Intrepid 10x8

Discussion in 'Talk About Large Format Gear' started by Alan9940, May 26, 2017.

  1. Alan9940

    Alan9940 Active Member Registered User

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    David, no question there are good arguments for using a 5x4 back on a 10x8 camera; long lens use jumps immediately to mind. But, as with most things photography related there are tradeoffs. For example, I can put my Schneider 480mm Artar on my Arca-Swiss and it's solid as a rock. Put that same lens on my Deardorff--I wouldn't even pretend to use it on the Intrepid--and things can get shaky, depending on wind factors. The small 450mm Fuji C would be a better choice, IMO, in this focal length. I bet the Intrepid could handle that lens, too.

    Now that you've got me thinking, how about a 10x4 back for the 10x8? Now that's something I'd be interested in!
     
  2. David M

    David M Active Member Registered User

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    My longest lens is 420mm in Copal 3 so not really lightweight. When the camera is racked out fully, it's stable but loose, mostly laterally. I think it could work with gentleness, care and no wind at all. The front standard is surprisingly robust and can take a heavy lens. I think I might find a small G-clamp to put in the bag for improving stability at large extensions.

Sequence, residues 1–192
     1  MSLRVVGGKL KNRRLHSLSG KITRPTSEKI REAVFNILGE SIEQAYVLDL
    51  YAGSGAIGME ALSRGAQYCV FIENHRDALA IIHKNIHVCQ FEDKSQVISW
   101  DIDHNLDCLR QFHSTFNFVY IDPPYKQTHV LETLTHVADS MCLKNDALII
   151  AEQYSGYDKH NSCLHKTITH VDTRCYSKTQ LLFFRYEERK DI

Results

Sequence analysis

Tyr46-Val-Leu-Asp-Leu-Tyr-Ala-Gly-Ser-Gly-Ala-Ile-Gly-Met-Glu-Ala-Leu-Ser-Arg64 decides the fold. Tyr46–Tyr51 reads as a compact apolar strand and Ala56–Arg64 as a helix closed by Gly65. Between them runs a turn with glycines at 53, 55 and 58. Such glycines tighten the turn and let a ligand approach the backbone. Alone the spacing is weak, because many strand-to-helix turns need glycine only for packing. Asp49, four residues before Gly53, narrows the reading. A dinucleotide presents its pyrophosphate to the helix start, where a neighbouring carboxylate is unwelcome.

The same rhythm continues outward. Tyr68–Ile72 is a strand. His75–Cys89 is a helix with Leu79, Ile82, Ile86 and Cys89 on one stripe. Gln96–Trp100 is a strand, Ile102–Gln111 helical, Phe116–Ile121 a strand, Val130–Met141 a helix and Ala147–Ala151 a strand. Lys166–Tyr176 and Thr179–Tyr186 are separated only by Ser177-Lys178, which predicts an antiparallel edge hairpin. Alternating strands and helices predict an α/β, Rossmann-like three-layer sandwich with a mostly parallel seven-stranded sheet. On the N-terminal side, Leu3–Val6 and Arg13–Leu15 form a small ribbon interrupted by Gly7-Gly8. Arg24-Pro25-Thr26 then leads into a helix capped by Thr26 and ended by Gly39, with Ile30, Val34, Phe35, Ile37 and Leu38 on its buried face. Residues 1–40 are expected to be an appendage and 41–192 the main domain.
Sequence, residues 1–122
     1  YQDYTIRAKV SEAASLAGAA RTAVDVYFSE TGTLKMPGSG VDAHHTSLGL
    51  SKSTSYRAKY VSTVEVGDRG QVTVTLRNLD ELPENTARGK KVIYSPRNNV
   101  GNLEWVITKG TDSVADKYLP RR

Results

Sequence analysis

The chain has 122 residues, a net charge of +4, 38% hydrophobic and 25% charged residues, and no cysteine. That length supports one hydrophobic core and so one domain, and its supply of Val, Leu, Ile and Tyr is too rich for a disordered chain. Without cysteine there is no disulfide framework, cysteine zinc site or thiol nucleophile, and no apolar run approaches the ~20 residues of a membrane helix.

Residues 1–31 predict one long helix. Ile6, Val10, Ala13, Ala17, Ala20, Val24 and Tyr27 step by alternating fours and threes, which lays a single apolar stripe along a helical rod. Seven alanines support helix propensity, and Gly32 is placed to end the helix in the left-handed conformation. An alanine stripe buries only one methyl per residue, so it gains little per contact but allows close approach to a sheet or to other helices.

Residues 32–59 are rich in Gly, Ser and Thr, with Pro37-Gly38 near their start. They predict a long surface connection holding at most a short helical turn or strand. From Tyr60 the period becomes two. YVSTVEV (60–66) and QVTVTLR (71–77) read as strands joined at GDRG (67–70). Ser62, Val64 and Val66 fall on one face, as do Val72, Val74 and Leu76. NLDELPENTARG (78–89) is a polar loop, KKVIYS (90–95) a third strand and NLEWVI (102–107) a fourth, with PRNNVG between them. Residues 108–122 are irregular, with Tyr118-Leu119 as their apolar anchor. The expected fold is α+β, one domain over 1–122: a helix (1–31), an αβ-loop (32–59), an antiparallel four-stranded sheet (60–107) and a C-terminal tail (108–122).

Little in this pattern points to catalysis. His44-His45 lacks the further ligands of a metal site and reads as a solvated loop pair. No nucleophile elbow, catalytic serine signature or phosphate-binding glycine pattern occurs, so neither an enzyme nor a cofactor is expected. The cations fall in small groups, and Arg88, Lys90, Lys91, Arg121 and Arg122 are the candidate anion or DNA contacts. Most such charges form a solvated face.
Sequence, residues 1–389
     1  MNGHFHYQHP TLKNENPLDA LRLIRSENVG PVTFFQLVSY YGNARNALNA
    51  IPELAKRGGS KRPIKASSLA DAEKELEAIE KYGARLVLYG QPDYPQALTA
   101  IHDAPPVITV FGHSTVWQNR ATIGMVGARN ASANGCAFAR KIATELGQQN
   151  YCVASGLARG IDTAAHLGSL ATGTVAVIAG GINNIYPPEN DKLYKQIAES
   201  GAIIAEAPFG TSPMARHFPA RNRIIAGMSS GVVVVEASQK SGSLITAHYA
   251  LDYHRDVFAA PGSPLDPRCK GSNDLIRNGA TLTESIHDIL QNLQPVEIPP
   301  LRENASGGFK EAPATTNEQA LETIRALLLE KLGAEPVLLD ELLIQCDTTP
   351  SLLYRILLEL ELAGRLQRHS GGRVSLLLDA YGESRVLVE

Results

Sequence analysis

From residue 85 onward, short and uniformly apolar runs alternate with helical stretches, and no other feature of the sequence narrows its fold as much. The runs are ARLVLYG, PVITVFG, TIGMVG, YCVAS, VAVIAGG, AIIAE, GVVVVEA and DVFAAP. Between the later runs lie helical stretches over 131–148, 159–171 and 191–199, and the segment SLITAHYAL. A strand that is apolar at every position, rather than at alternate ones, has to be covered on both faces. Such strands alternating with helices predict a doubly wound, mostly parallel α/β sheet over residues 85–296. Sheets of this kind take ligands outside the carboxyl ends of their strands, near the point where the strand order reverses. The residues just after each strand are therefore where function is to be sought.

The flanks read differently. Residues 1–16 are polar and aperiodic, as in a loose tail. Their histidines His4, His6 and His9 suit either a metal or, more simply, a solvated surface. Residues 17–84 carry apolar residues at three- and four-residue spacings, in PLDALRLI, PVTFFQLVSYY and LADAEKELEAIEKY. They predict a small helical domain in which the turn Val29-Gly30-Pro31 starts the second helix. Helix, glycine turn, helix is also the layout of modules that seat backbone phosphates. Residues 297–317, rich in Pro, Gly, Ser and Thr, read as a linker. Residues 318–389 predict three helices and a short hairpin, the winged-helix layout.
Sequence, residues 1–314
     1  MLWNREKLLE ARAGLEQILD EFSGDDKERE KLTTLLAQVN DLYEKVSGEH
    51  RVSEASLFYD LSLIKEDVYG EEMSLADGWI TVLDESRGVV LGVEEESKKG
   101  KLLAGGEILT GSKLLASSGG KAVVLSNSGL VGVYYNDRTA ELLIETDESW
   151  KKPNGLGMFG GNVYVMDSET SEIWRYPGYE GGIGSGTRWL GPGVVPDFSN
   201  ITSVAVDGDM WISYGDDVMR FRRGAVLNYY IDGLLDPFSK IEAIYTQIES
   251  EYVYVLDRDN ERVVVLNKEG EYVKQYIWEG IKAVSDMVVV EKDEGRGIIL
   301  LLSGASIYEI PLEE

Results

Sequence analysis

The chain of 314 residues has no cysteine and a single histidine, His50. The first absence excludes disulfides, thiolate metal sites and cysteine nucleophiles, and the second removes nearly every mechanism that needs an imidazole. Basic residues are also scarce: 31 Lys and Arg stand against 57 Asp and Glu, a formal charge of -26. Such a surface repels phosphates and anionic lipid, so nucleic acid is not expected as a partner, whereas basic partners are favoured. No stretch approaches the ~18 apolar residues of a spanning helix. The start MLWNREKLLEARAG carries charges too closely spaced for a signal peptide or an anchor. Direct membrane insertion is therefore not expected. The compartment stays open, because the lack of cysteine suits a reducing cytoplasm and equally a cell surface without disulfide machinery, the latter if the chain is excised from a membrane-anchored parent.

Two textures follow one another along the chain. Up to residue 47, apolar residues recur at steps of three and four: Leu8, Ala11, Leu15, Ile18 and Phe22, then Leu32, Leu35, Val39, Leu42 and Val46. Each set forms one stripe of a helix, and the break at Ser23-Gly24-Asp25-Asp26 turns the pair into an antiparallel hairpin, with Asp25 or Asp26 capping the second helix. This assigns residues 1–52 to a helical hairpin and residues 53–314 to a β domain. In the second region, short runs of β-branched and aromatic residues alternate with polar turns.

Would it be easier to split a sheath lengthwise and use that for a 10x4 panorama? It seems to be a popular workaround.
    While testing for wobble (very scientific – give to a shove) I discovered that most of the flexing was attributable to Gitzo. My head* had become slightly loose. An Allen key, a few moment's work and the Intrepid was much more stable.
    All kinds of alternative backs might be possible. They might even sell an "undrilled" blank backplate for experimentation.
    * Story of my life, eh?
     
  3. Alan9940

    Alan9940 Active Member Registered User

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    David, yeah, I’ve thought about fabricating some sort of 10x4 piece of wood that would fit into the back allowing two exposures on one sheet of film; my Deardorff came with a couple of those as part of the camera. We’ll see...
     
  4. David M

    David M Active Member Registered User

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    Postscript.